What Is a Coinsurer?
A coinsurer is a company that shares some of the potential liability for covering a single policyholder. The arrangement is most common when the risk or risks covered could be too costly for a single insurance company to cover.
Generally, a primary insurance company covers most of the cost of a major claim while a coinsurer takes responsibility for the rest.
[In health insurance, coinsurance is the share of the costs for care that is owed by the policyholder above and beyond the annual deductible amount. It is the insured person's co-pay for medical bills. For example, an 80-20 policy requires the policyholder to pay 20% of the medical bill while the insurance company picks up the rest.]
Understanding the Coinsurer
Coinsurers share in any claim or loss in proportion to the amount of risk that they take on.
They are most often used for policies covering large businesses and governments that could suffer a loss that is beyond the resources of any individual insurance company. After the attack on New York City's World Trade Center in 2001, seven insurers ultimately paid more than $4 billion in property damage claims.
The policyholder receives a separate contract from each coinsurer. To reduce the paperwork burden, the insurance company that undertakes the largest proportion of the claim serves as the leading insurer.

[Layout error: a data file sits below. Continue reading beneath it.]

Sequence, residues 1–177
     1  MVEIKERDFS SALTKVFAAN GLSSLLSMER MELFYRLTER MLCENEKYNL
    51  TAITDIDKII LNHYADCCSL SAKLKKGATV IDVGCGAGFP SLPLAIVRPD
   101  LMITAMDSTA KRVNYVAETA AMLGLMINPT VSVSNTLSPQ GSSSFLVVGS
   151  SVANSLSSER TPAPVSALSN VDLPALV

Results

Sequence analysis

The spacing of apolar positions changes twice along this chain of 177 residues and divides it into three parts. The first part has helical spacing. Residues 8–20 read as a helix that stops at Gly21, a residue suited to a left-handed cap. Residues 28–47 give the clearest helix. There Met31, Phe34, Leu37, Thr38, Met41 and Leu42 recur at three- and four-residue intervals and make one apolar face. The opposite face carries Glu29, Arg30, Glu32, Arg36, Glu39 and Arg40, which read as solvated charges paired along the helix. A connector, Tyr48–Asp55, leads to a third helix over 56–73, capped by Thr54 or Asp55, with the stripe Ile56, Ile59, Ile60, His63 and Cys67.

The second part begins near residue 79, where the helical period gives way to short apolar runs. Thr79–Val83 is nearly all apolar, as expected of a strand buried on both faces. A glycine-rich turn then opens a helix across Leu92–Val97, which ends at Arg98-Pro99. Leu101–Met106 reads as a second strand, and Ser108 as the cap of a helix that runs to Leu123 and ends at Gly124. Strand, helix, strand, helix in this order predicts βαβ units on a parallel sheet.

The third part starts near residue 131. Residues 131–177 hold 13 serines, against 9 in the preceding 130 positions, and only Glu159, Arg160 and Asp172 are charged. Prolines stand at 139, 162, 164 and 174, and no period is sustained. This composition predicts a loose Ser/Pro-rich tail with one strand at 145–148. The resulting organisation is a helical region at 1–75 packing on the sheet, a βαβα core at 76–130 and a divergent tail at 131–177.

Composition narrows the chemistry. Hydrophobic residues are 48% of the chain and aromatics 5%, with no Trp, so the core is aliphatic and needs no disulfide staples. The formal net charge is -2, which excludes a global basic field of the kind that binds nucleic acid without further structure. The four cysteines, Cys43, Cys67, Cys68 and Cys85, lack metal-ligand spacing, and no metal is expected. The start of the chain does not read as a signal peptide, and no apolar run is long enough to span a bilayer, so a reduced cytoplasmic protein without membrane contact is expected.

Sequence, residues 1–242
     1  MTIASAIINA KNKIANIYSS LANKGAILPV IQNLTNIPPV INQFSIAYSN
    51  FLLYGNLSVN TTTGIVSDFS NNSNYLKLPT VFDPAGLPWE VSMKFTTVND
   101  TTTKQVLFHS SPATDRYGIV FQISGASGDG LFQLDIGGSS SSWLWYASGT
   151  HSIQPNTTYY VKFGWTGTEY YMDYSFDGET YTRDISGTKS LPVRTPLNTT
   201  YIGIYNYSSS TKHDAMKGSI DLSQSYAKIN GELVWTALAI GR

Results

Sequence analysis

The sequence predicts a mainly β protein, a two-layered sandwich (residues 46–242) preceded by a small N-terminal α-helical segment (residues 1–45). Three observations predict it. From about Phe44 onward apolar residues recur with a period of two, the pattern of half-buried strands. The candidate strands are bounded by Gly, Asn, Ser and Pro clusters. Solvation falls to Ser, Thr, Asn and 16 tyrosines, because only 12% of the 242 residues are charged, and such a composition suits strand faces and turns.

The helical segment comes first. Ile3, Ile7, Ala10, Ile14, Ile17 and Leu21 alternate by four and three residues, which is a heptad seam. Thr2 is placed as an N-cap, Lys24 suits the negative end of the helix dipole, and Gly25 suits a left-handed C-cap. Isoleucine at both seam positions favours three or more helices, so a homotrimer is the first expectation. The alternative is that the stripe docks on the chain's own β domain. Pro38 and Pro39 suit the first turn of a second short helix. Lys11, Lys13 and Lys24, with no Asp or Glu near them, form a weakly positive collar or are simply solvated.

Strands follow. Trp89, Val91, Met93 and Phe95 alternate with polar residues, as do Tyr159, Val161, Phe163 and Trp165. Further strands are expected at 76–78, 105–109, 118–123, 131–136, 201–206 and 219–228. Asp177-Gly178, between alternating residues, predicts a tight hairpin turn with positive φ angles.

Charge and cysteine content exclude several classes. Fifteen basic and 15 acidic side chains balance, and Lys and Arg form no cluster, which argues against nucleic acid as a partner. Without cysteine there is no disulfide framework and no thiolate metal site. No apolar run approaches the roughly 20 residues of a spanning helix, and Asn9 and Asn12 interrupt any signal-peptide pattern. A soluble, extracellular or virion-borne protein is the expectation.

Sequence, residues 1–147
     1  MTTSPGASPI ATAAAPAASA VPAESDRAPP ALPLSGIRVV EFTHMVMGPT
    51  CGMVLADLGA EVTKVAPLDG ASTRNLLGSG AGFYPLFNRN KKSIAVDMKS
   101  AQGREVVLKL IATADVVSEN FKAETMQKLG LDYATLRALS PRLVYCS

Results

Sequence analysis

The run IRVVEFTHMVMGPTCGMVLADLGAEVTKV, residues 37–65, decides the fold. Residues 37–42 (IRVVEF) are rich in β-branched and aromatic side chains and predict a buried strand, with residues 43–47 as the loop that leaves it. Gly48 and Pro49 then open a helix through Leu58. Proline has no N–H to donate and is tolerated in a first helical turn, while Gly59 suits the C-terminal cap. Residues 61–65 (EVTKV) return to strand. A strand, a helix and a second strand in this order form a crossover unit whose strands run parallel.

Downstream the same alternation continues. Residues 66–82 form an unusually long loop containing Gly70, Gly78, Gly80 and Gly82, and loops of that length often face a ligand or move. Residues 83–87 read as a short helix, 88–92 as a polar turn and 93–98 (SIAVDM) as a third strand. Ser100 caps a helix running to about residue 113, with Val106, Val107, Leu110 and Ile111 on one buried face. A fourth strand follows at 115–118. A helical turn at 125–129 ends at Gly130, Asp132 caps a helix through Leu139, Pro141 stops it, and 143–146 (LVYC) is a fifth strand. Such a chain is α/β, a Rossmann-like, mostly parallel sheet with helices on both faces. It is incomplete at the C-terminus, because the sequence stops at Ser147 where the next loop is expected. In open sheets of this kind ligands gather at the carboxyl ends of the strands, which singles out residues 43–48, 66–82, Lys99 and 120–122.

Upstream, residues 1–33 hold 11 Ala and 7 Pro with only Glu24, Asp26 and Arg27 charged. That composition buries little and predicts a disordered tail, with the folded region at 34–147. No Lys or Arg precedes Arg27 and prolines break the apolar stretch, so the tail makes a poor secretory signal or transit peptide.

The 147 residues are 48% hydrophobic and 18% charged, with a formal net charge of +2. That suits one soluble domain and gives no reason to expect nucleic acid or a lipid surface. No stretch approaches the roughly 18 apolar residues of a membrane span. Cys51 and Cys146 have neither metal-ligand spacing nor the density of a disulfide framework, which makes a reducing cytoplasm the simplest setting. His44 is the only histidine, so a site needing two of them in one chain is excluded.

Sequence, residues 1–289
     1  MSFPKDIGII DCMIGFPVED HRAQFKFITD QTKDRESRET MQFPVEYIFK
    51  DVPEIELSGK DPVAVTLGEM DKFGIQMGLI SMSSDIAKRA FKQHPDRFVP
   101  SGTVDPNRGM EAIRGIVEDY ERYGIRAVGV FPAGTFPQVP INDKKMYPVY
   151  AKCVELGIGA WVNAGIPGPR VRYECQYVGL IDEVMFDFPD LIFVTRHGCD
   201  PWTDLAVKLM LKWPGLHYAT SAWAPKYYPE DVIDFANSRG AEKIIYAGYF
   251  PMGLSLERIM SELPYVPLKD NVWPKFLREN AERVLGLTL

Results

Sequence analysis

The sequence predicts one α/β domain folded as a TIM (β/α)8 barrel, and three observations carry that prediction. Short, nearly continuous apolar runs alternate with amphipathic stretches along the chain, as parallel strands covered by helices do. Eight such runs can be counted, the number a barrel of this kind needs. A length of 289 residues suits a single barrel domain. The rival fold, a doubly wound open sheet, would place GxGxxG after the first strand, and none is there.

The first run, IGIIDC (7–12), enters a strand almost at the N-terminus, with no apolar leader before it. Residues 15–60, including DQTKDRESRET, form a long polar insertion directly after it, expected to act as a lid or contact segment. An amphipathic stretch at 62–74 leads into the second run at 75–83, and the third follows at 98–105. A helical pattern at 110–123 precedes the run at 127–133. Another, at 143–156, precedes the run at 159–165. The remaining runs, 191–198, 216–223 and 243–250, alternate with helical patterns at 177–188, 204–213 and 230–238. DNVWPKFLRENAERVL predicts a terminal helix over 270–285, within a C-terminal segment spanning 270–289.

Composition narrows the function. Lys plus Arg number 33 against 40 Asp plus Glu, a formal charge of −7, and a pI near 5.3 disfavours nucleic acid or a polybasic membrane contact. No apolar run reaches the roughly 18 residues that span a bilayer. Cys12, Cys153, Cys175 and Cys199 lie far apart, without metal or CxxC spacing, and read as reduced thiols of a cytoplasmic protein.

When Coinsurers Are Needed
Some types of policies, like industrial fire insurance, typically involve coinsurance because of the high dollar cost of the risks the policy covers.
State or federal laws dictate that some risks must be jointly insured by several coinsurers in order to adequately diversify the risk of a large claim.
- Coinsurers share the risks of coverage for clients whose potential claims are beyond the resources of a single insurer.
- Reinsurance companies share the excess costs of an unexpected flurry of claims that strain the resources of a primary insurer.
- Seven coinsurers handled the claims for the World Trade Center attack in 2001.
Insurance companies share risks in various ways, sometimes passing part of the risk to a reinsurance company. Reinsurance, also known as insurance for insurers or stop-loss insurance, is a transferral of a portion of responsibility to another party. The reinsurer accepts responsibility for claims above a certain level in return for a share of the premium paid by the policyholder.
Coinsurance vs. Reinsurance
Reinsurance typically covers an insurance company against an unexpected accumulation of individual claims that would otherwise endanger its solvency.
A coinsurer is one of two or more insurance companies that agrees to share direct responsibility for the payment of claims from a policyholder. A reinsurer agrees to reimburse an insurance company for losses above an anticipated level.
Both practices allow insurers to underwrite policies for a larger number of clients without imperiling their financial stability. Just as a homeowner needs insurance to rebuild after a fire, an insurance company needs coinsurers and reinsurers to cover the costs of too many devastating fires breaking out at the same time.